First Michael Cuddyer and now Torii Hunter, both of whom played for the Twins, has penned some thoughts about his playing career on The Players’ Tribune after he retired at the end of last season.
.@toriihunter48 reflects on his baseball beginnings, the 2002 @Twins and pranking Big Papi. https://t.co/nCfeANZw8G pic.twitter.com/cTPWOCTNqS
— The Players' Tribune (@PlayersTribune) January 19, 2016
The two pieces are similar, with both thanking those who taught them about life and the game, but Hunter’s farewell is funny, no doubt a reflection of the player who always seemed to have a smile on his face.
It also has a great lede. Hunter describes his early days in Double-A ball as he and a teammate shared a rental car and apartment. Except in this case the rental car and apartment is a Geo Prizm.
“If you remember the Geo Prizm, it wasn’t a big car,” Hunter writes. “To call it a ‘compact’ car would be generous. There wasn’t close to enough room for my 6-foot-2 body to stretch out, but Armann (Brown) and I made it work.”
But life and baseball would get better.
On the day he got the call to The Show:
I broke down and cried tears of joy right there in the hallway. Just a few months earlier, I was waking up with car seat imprints on my cheek every morning and sneaking showers in the clubhouse, ready to quit baseball. Now, I was heading to The Show.
On playing for the Twins:
There was no one team more special than the 2002 Twins. I remember sitting in the clubhouse one day in Spring Training that year with David Ortiz, Corey Koskie, Doug Mientkiewicz and Jacque Jones, reading the newspaper. The Twins were coming off five-straight 90-plus loss seasons, and we were supposed to get contracted that year — ripped apart and all the players dispersed to other teams in a draft. The beat writers talked about us being contracted, calling us the ‘best Triple-A team in baseball.’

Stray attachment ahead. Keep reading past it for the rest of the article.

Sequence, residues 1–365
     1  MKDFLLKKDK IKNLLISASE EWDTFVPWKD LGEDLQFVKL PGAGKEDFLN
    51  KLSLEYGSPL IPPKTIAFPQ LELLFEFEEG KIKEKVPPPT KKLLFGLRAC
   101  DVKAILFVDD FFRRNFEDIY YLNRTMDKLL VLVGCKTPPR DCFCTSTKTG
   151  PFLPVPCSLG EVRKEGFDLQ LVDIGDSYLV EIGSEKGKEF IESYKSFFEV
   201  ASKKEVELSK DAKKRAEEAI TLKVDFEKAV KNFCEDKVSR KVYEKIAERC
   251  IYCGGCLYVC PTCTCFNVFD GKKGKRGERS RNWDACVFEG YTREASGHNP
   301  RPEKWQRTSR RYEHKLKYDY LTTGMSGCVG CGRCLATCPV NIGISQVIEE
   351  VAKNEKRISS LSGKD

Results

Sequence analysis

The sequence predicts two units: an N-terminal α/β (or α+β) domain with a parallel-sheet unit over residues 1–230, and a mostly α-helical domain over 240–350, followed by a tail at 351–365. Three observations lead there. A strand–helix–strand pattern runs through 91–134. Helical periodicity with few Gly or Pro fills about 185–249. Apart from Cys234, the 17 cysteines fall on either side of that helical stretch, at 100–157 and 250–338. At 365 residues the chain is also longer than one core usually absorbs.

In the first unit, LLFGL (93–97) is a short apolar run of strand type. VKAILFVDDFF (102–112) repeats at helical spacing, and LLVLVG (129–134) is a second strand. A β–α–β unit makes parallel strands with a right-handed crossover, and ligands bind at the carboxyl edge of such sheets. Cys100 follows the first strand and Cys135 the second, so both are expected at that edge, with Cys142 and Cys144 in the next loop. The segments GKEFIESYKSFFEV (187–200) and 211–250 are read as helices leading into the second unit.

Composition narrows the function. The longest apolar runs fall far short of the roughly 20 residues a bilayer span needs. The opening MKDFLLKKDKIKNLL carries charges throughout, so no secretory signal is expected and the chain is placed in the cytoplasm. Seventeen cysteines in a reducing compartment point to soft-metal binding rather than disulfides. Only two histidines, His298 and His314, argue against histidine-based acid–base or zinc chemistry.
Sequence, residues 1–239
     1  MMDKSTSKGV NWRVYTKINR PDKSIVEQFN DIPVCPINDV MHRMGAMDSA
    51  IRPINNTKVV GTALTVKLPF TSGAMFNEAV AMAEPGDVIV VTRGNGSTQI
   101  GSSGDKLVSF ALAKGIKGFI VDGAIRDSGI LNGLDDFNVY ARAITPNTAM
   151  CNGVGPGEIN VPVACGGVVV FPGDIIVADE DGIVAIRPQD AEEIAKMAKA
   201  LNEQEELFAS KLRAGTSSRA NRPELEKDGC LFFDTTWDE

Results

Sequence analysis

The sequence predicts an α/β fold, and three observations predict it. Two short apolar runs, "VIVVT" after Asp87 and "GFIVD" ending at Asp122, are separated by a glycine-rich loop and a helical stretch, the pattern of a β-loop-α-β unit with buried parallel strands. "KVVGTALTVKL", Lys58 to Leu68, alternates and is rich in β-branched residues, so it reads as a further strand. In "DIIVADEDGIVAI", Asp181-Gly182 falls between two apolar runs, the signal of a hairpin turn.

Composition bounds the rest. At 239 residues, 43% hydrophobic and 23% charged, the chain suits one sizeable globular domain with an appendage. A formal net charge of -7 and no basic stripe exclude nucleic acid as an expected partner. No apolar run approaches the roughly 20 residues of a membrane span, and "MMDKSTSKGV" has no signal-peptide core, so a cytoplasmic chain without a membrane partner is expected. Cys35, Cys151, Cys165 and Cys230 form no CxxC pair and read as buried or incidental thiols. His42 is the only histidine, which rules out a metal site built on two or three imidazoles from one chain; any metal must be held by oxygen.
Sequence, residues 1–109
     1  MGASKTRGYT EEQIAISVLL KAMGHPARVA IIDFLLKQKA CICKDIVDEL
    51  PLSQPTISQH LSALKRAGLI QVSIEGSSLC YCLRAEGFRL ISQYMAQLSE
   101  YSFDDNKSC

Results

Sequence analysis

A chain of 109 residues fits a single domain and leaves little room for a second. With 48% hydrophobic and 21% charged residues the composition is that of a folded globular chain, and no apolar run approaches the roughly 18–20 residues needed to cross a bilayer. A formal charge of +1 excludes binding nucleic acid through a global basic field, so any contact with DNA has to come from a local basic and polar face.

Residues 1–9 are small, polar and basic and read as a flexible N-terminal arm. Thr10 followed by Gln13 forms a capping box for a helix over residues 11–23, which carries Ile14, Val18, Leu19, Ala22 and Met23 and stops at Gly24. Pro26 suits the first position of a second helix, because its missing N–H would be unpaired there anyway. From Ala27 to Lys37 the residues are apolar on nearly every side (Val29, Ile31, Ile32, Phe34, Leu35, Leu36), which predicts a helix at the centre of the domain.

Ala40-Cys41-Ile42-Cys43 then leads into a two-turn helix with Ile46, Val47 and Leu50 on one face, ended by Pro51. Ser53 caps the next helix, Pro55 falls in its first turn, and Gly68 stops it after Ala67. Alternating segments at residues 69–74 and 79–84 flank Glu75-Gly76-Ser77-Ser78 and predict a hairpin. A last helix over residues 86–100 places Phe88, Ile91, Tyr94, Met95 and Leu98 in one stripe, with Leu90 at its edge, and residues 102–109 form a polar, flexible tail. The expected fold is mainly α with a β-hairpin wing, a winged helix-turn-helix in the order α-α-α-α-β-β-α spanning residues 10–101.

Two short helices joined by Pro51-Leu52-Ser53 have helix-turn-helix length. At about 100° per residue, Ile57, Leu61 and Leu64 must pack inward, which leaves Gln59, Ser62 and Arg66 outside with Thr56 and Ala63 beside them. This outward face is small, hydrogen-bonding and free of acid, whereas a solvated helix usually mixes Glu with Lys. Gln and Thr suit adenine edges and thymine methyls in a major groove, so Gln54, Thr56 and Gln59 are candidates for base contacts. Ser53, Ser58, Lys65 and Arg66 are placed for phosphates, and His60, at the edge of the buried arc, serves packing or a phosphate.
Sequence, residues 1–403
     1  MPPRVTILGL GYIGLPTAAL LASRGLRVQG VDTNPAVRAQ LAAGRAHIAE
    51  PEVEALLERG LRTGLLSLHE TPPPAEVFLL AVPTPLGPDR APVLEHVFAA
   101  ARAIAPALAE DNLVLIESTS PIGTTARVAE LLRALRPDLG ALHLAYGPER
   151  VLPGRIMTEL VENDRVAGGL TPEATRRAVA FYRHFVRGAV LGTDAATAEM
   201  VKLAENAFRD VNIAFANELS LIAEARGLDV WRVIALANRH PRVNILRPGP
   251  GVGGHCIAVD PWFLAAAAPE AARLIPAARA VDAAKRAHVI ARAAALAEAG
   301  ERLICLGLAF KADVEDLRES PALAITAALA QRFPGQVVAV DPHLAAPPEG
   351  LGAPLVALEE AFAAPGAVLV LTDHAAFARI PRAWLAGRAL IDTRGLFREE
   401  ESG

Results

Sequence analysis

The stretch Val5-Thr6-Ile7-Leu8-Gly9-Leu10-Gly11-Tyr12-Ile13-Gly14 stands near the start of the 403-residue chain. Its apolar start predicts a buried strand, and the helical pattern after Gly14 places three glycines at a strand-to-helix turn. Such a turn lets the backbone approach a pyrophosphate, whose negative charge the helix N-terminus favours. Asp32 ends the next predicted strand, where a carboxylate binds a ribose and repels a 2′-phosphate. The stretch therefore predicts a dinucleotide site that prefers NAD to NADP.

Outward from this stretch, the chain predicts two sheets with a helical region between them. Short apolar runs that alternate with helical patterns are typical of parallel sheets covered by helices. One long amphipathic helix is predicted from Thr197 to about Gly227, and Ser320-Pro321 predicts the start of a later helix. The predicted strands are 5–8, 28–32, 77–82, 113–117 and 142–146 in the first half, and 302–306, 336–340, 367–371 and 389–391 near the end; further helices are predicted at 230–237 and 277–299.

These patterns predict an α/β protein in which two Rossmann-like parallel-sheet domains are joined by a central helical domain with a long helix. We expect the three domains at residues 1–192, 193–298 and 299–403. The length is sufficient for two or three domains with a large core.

So we decided that if that was gonna be our last time playing with each other, we wanted to leave it all on the field. We went out that year with a chip on our shoulder, with an attitude. We wanted to destroy everyone. We won 94 games that year. We won the AL Central and beat the A’s in the ALDS. We did things nobody expected us to do.
On David Ortiz:
David was really messing with all of us a lot early in that 2002 season, always talking and joking and pranking. But (Corey) Koskie thought it was time for payback. So in the middle of a game, he went back into the clubhouse to David’s locker and lined his underwear with peanut butter. After the game, we were all sitting in the clubhouse, and David came out of the showers, went to his locker and started getting dressed. He was talking to us — he was always talking — as he was getting dressed, so when he slid his tightie-whities on, he didn’t even realize that there was a lot of peanut butter in there. We were all just sitting there, waiting for it to hit him…
On Ortiz’s eventual reaction:
He went off. He was screaming, cursing at us, and we were literally rolling on the clubhouse floor while he got undressed and got back in the shower to clean the peanut butter out of his butt. We were like, ‘What took you so long to notice?! Are you used to that?’
On the players he learned from:
Guys like Matt Lawton, LaTroy Hawkins, Eddie Guardado and Frankie Rodriguez, who took care of the 22-year-old kid who came up to the big leagues and didn’t know anybody. They showed me the ropes. Guys like Paul Molitor, who taught me what to look for in a pitcher to decipher what pitch was coming — different arm angles, grips, glove positions. Little things you can’t pick up on unless you’ve played and put sweat and dirt on those spikes.
On No. 34:
Guys like Kirby Puckett, whom I learned so much from just by watching the way he carried himself. How he’d walk into and out of the stadium, and he’d say hi to everybody. Security guards. Vendors, Media. Fans. He shook their hands and knew their names. He was a star, and he still took the time to do this, every day. He never took one day for granted and he always had a smile and positive energy to lift up his teammates and make them laugh.
On the original inspiration:
I watched Andre Dawson hit a home run one day. Then another the next. And another two days later. He hit 49 home runs that year, and I probably saw every one of them. Watching him, I wanted to be like him. I threw like him. I had the leg kick like him. I even had the Jheri curl like him.